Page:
Lady Gaga splits with longtime creative director Laurieann Gibson
It’s not looking pretty in Monster-land.
This past weekend, it was announced that Lady Gaga has ended her partnership with her longtime creative director, Laurieann Gibson.
The move is a shocking one for Lady Gaga, who is known for her loyalty to her friends in the Haus of Gaga. Indeed, Gibson has been with Gaga since the pre-Fame days, and is the choreographer behind all her big hits. Fans can rightly be concerned about this new direction, as Gibson should definitely be given credit for having a hand in essentially everything Gaga has done up until now in her videos.
Gaga, for all her vocal prowess, has said herself that she’s not a dancer, and Gibson has been able to work with that and still choreograph a distinctive style in “Just Dance” “Poker Face” “LoveGame” “Paparazzi” “Bad Romance” “Telephone” “Judas” “Alejandro” and “Born This Way.” (Yup, you read that correctly. It’s pretty much all the hits).
The reasons for the break up have not been officially commented on, but problems first became apparent to fans during the filming of the “Judas” (which Gibson also co-directed) video this past spring, where the religious imagery, particularly Lady Gaga as a sexified Mary Magdalene, made Gibson uncomfortable. “At one point, there was two completely different views and after the third glass of wine, I was like, ‘Listen, I don’t want lightning to strike me. I believe in the Gospel and I’m not going there,” Gibson said at the time.
Is this a battle of the egos? Many sources point to Gibson’s growing celebrity profile as the cause of the troubles — Gibson got her own show on E! this year, The Dance Scene, and she may not have been able to give Gaga the full attention she presumably demanded.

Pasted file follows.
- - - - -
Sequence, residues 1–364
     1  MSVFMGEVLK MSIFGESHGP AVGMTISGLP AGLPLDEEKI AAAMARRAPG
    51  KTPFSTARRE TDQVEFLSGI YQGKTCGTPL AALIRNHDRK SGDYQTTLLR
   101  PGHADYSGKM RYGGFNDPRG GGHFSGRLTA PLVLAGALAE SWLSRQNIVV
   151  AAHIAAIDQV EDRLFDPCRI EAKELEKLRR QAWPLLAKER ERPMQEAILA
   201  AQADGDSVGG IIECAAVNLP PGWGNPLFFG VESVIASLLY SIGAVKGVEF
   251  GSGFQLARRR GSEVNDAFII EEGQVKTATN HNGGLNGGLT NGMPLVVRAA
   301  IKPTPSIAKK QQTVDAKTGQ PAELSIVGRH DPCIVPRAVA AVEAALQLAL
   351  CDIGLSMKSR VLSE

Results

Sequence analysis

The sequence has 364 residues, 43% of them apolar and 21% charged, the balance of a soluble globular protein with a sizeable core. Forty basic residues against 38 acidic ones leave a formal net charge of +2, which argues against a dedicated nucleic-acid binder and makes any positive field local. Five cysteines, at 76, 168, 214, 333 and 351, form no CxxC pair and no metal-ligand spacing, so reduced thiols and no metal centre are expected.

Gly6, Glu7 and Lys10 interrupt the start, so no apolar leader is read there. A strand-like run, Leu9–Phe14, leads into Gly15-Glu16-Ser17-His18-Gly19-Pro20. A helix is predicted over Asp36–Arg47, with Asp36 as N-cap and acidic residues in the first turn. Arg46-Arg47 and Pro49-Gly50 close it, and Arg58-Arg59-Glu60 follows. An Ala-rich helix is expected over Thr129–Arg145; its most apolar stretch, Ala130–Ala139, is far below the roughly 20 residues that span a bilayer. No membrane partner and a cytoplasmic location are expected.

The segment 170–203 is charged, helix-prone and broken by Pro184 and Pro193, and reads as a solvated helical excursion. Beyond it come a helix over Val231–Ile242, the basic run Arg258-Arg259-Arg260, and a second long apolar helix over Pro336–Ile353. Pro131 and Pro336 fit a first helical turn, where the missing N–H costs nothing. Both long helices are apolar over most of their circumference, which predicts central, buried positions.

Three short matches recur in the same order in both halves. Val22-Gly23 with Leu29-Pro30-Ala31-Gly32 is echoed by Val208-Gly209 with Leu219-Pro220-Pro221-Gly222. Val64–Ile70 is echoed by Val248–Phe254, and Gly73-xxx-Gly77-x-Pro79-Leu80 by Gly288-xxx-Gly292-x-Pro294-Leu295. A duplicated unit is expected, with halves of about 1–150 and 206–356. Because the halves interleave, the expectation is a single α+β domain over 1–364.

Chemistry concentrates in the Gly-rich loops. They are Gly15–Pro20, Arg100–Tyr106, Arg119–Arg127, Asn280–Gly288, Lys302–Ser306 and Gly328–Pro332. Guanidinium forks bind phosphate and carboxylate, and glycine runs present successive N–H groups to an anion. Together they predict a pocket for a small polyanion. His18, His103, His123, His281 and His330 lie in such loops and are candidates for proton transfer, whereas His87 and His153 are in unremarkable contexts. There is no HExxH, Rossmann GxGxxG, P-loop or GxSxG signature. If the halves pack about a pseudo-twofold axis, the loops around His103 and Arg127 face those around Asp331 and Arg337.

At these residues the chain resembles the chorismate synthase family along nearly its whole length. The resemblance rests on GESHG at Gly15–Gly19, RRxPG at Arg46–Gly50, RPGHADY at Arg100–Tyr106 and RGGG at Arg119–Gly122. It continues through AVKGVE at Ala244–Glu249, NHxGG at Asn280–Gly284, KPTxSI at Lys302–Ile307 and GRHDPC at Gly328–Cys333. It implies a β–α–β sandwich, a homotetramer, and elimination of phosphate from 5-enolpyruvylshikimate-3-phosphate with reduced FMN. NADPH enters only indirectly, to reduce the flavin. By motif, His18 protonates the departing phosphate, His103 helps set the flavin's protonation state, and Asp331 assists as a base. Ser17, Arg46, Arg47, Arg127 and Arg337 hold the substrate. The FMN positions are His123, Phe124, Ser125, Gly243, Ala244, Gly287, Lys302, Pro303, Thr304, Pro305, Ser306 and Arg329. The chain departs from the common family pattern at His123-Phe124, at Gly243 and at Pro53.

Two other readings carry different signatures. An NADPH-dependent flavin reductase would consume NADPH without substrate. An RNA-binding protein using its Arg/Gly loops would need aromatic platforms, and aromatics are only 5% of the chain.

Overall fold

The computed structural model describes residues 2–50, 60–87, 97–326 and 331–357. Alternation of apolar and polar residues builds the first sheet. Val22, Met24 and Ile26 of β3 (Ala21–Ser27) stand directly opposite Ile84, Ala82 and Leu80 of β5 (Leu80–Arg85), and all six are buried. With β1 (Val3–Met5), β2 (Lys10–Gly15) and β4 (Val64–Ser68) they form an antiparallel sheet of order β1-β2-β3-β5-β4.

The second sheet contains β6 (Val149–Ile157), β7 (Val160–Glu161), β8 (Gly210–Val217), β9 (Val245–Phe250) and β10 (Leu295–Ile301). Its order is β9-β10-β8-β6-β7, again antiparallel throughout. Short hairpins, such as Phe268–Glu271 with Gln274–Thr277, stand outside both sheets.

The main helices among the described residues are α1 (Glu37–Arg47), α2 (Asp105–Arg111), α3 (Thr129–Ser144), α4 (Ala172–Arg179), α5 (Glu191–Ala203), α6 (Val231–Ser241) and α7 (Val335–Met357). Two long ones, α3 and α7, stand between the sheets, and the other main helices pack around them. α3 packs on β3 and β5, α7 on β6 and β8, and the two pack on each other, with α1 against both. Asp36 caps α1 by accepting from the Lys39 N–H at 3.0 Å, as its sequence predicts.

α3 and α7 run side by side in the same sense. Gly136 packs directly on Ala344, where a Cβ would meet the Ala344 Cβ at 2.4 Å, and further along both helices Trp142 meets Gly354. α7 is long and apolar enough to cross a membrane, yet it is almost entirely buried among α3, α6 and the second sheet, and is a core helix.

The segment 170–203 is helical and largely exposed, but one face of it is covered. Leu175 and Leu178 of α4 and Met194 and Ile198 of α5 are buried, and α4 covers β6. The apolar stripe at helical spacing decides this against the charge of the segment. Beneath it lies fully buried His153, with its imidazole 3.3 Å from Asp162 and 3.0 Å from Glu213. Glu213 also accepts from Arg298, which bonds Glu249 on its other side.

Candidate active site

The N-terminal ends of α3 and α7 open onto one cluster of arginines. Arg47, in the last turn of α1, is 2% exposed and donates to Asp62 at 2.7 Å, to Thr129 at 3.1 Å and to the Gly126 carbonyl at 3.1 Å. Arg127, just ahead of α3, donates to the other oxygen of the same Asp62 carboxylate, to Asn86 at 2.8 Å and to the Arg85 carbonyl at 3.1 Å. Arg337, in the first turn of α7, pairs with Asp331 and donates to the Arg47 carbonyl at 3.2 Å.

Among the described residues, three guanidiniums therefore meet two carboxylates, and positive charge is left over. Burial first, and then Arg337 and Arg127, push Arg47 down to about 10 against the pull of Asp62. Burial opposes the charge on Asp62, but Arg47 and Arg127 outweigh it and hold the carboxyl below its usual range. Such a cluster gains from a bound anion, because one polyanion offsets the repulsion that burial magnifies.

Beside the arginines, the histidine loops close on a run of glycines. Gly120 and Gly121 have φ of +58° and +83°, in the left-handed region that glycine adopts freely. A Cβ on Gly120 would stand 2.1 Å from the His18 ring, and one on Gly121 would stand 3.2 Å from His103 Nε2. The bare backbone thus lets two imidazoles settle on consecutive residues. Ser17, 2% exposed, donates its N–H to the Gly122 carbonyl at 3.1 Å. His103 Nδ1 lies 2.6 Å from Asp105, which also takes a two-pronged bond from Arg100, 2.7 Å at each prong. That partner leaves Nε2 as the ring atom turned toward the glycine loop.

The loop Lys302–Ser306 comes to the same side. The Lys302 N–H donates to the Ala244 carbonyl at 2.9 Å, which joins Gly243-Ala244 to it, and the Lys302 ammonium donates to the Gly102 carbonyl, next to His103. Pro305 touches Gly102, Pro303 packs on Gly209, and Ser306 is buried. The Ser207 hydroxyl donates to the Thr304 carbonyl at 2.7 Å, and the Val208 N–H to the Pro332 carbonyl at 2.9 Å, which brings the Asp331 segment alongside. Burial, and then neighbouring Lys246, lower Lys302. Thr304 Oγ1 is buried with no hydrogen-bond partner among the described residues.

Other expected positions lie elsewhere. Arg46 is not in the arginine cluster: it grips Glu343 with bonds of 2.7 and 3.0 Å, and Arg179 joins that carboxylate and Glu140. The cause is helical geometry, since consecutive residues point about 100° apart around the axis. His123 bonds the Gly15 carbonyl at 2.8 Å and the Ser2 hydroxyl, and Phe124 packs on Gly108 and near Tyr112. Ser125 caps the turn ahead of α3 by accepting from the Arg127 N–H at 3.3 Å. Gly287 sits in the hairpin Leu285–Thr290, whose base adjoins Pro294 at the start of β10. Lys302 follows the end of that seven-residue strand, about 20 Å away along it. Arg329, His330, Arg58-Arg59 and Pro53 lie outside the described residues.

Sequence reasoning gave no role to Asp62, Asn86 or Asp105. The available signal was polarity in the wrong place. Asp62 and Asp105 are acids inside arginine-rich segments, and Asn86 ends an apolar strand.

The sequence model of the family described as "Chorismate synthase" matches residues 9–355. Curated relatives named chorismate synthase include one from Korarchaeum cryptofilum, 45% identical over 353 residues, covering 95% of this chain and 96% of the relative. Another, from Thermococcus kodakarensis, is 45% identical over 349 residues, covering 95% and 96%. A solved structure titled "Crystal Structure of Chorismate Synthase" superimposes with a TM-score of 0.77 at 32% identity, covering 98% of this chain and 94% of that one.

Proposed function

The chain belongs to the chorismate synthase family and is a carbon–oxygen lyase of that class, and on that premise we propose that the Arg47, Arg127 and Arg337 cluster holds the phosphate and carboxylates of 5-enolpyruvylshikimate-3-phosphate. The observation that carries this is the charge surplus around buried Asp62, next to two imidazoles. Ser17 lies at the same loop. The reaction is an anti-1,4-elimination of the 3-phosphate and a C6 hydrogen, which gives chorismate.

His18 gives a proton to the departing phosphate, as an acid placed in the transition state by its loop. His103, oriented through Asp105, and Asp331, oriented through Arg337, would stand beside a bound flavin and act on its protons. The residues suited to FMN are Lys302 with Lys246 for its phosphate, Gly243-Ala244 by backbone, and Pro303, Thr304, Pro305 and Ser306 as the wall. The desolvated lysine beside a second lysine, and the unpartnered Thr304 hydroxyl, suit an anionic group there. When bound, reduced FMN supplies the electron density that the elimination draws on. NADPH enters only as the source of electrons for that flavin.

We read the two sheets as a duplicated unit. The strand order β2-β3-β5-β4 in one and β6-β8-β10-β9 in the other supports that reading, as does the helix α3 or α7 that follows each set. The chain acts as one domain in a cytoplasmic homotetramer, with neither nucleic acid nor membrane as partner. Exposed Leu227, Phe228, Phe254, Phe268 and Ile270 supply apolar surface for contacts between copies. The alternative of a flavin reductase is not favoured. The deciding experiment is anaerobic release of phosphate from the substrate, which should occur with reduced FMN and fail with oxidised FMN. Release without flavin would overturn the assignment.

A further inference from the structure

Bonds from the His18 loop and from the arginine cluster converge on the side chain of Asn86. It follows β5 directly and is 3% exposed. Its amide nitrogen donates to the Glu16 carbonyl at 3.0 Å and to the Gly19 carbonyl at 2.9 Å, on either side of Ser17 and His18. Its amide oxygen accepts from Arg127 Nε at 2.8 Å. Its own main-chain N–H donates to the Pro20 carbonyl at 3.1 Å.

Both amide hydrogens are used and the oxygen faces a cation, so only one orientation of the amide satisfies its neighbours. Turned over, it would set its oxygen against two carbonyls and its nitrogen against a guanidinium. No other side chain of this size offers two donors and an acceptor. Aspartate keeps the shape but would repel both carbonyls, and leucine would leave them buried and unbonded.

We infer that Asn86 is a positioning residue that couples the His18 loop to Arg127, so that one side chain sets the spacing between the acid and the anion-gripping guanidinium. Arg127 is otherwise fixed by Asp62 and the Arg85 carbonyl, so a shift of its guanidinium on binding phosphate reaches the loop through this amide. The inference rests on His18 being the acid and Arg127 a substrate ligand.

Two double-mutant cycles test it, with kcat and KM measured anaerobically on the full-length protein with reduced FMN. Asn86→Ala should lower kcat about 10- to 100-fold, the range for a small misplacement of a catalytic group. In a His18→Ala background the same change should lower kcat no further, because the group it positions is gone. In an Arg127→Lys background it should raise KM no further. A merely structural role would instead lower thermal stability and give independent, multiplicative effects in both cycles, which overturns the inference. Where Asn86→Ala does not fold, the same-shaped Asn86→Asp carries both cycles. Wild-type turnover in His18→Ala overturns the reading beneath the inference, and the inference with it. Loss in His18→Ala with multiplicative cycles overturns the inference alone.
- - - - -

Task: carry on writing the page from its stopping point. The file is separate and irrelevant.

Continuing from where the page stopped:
Also troubling was Gibson’s response to fans after the minimalist “Edge of Glory” video. She tweeted, “listen u disrespectful f**k they had an issue on set I don’t lie!!!!!” and “creative Changes happen always educate ignorant Monster’s!!!” It’s obvious Lady Gaga would be none too pleased about anyone saying anything negative to her fans, as they, and her relationship with them, is her life blood. Interestingly, Gibson recently deleted her Twitter account.
I personally think the kiss of death may have been Gibson’s Madonna comments, where she told the L.A. Times, “Listen, [Madonna] should be bitter because I did it [modeling Gaga’s visual aesthetic on Madonna] on purpose, and you can quote me. I did it on purpose because for all those kids who believe that you can’t, I wanted to let them feel that you can. And that’s what I represent, that’s what Gags represents.”
While Gaga obviously draws some inspiration for both her look and sound from Her Madgesty, it’s a comparison she’s not wanting to encourage lately, as Internet haters have continually harped on her borrowing of earlier artists’ work.
Lady Gaga has tweeted that Richard Jackson, Gibson’s former #2, is now her new choreographer. “Warming up with my choreographer Richard Jackson, singing + pinning garments till the last moment. So excited for The Night, gonna Marry It.” It’ll be interesting to see the video for “Marry The Night” (which Gaga directed) released in the next few weeks, and how it differs from her previous work with Gibson.
This news comes at the end of a relatively disappointing year for Gaga. Although “Born This Way” was the number one song for six consecutive weeks, her other singles off Born This Way (most particularly “Judas”) have failed to hit number one. Of course, success at her level is all relative; she has had four top-ten hits in 2011 and cleaned up at the European Music Awards last week. But for many, this change signals serious trouble in paradise.
Readers: What do you think? Will new voices help Gaga find hers? Or is this a troubling development for Monster fans?